The ladies of India, exotic and gorgeous, and I'll try to restrain myself from bringing up Aishwarya Rai, surely the most beautiful woman on the planet. Ash isn't in this one, but we do get lovelies like Pooja Kumar, Rachna Shah, and the stunning Neha Dhupia. Several of Kattan's SNL pals pop in, as well as a hysterical, self-mocking cameo by Keanu Reeves and a co-starring turn by Julian Sands who, oddly, doesn't play himself (every other western actor plays him/herself). Chris Kattan is surprisingly good in the lead and is believable in the romantic scenes (he and Pooja Kumar have nice chemistry). Again, I think it's key that Kattan tempers his usual over-the-top antics (although, okay, a bit of foolish trickles out). This may be the only crack dude gets playing the leading man, and he makes the most of it.
There are several song & dance numbers here, and they're... okay. But don't kid yourself that the musical production is as lavish as what you'd see in your average Indian cinema. But I dig that the film borrows the very catchy "Dhoom Taana" song from Om Shanti Om.
It's a spoof and sometimes it gets really silly, and yet there's a solidity at the core of BOLLYWOOD HERO. There's even a bit of that same message from SULLIVAN'S TRAVELS thrown in. A recurring annoyance when I saw this mini-series on the IFC channel - and, holy Sharukh Khan, I hope they don't make it in the DVD as a bonus feature - are those commercials of Kattan shilling for the Palm Pre smartphone. I got fed up with all that "AllaKattan!" nonsense (it's what Kattan yelled whenever he used his "magic" smartphone). There's silly, and then there's just inane.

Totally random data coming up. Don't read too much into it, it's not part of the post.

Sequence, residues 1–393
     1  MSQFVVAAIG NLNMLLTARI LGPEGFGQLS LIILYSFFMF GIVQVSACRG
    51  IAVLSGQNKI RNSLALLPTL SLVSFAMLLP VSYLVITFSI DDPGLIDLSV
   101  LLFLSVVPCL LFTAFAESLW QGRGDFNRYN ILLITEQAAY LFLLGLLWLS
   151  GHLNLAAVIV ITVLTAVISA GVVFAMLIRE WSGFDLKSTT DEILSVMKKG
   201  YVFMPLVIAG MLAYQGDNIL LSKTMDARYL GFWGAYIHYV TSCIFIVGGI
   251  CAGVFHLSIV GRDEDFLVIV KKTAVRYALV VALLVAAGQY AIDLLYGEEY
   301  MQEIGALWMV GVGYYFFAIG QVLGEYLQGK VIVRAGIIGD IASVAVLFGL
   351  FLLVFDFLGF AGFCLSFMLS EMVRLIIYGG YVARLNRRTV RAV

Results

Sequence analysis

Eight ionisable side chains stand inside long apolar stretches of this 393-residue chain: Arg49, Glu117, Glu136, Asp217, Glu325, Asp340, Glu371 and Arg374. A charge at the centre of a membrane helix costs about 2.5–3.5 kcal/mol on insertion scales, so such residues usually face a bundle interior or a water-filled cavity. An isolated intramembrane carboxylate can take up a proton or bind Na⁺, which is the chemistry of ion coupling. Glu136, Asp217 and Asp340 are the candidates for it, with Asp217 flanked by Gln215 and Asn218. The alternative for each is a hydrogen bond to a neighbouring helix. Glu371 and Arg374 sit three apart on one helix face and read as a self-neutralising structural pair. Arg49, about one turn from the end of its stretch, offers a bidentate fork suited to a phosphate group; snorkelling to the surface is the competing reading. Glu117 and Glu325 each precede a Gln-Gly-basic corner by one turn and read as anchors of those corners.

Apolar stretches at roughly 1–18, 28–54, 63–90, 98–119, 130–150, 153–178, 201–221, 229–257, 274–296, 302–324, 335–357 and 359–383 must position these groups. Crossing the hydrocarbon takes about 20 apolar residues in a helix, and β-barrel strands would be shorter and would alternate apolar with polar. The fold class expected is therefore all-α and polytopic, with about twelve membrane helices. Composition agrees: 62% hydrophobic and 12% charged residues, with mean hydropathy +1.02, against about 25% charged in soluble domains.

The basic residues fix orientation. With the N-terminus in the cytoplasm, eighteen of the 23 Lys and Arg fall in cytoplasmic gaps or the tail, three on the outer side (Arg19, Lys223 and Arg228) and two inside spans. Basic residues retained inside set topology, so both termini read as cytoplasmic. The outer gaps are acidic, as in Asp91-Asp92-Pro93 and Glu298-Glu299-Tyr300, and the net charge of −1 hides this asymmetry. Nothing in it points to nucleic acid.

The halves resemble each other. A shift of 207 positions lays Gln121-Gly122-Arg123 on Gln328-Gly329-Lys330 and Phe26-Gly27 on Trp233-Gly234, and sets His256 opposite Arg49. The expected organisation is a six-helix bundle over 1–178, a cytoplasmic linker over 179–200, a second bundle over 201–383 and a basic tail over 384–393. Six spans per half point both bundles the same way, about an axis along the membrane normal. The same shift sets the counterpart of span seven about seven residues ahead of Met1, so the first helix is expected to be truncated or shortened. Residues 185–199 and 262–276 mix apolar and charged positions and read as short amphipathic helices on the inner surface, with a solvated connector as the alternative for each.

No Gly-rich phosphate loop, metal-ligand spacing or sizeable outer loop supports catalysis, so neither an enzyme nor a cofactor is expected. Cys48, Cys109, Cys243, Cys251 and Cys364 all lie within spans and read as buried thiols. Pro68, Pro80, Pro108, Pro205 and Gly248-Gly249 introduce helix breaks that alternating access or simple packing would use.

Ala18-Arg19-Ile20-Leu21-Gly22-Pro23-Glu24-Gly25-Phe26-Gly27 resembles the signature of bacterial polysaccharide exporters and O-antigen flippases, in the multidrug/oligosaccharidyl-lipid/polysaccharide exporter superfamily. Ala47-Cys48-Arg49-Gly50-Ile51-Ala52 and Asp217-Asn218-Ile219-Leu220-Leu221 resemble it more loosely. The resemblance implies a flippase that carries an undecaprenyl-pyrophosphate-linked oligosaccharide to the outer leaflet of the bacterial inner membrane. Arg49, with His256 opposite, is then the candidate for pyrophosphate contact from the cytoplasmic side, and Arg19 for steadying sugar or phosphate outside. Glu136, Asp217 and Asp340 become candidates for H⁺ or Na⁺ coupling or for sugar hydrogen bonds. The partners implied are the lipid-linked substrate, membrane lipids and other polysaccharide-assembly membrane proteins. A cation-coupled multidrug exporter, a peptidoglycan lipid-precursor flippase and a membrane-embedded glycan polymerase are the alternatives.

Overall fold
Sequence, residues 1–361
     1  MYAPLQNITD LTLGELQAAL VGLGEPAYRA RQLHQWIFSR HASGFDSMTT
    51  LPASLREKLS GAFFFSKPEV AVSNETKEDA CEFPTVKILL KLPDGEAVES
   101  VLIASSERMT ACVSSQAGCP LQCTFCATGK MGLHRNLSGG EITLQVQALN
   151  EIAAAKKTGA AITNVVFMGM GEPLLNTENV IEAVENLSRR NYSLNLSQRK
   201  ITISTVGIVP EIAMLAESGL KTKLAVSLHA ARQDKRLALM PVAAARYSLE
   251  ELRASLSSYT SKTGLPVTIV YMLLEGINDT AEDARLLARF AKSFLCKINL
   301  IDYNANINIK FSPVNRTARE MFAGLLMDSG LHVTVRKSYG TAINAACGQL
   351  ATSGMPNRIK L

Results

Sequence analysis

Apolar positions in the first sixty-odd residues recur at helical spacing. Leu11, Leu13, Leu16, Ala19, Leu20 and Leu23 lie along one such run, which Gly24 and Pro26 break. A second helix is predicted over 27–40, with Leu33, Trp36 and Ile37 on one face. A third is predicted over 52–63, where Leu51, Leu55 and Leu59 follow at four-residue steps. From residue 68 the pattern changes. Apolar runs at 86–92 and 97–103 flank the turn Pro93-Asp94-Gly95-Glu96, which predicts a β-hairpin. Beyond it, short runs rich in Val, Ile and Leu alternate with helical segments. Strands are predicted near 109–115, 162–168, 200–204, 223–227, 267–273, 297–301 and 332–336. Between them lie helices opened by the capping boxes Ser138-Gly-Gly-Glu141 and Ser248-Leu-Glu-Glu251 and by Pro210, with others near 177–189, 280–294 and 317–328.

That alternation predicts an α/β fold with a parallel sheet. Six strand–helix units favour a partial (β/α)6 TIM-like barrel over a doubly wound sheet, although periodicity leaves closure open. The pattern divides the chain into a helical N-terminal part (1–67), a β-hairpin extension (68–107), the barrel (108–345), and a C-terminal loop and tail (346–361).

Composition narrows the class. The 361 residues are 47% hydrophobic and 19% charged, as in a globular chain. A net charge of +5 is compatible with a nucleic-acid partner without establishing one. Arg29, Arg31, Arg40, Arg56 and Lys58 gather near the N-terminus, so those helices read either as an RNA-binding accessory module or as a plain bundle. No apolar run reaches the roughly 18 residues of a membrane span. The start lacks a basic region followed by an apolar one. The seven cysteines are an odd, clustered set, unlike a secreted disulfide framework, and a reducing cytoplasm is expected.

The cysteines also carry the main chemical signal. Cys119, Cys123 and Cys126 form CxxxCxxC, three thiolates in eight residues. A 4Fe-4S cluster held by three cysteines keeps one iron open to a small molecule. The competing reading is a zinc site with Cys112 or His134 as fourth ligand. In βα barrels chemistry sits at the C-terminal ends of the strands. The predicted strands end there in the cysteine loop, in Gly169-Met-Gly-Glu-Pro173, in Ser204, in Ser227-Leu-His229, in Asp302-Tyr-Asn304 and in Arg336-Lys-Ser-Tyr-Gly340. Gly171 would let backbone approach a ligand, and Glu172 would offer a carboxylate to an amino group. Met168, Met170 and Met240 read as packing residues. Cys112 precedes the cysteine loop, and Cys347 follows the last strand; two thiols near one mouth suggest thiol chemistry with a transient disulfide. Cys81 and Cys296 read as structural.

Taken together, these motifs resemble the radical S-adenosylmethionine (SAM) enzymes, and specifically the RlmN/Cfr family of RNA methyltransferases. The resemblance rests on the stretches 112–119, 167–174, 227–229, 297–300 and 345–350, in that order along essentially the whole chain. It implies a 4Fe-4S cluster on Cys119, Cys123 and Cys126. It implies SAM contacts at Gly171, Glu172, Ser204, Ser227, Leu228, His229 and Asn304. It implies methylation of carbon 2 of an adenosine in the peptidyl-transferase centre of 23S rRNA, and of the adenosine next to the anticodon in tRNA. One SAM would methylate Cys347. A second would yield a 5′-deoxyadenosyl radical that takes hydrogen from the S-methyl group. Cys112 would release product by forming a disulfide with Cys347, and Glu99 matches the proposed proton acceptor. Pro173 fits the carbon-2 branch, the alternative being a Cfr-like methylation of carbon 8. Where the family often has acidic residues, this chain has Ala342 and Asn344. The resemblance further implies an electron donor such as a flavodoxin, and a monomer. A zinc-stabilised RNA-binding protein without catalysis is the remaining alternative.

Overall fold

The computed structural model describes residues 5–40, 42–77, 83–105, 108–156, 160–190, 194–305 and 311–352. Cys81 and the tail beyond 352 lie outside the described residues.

Surprisingly, BOLLYWOOD HERO deserves a rating of 3.5 stars out of five. And this is in huge part because of Chris Kattan's performance, not in spite of it. I'll also mention that the third act doesn't really live up to what the first two episodes had built up to. But if it inspires you enough to give Bollywood a try, then it's done its job. If it inspires you to give Kattan's other films a try, well, that's just flirting with disappointment."
Perfect casting to support Kattan
trdr555 | usa | 05/30/2010
(5 out of 5 stars)
"Hollywood is able to get to the essence and charm of Indian film making in this mini-series. This series makes you smile throughtout, how did they do that? I can see from the heartfelt participation of the entire star cast and technical. "Kattan" in the Malayalam language means unsophisticated tribal man from the forests just entering the city, and that is at the core around which Indians try to adapt to new environments and succeed. Seems like Kattan has that old world connection. You see him submitting himself to the moment removing all pretensions and sophistication of a Hollywood personality and just loving India unconditionally. This is an unassuming good natured movie not typical of Hollywood and more spice,color, music and drama. Typical of Indian films, you can see comedic characters (eg, the auto driver) here and then. I think a few more songs (for example while Kattan was riding on the road, a must song situation for a priceless scene like that) and a little more tension and background score may have helped push this beautiful movie out of the shy zone. The songs were smart and good, though hardly addictive like Indian film songs, kept in vein with the tone,elegance of the America brand. The dance song Bachna He Haseena is a hint of Indian film songs. However, I did not like foul language, took the innocence out of the beautiful script. Like Bride and Prejudice, Bend It Like Beckam, Bollywood Hero I hope to see more and more lovable collaboration between the two of the great entertaining nations. ( Examples of exciting film music - [..]"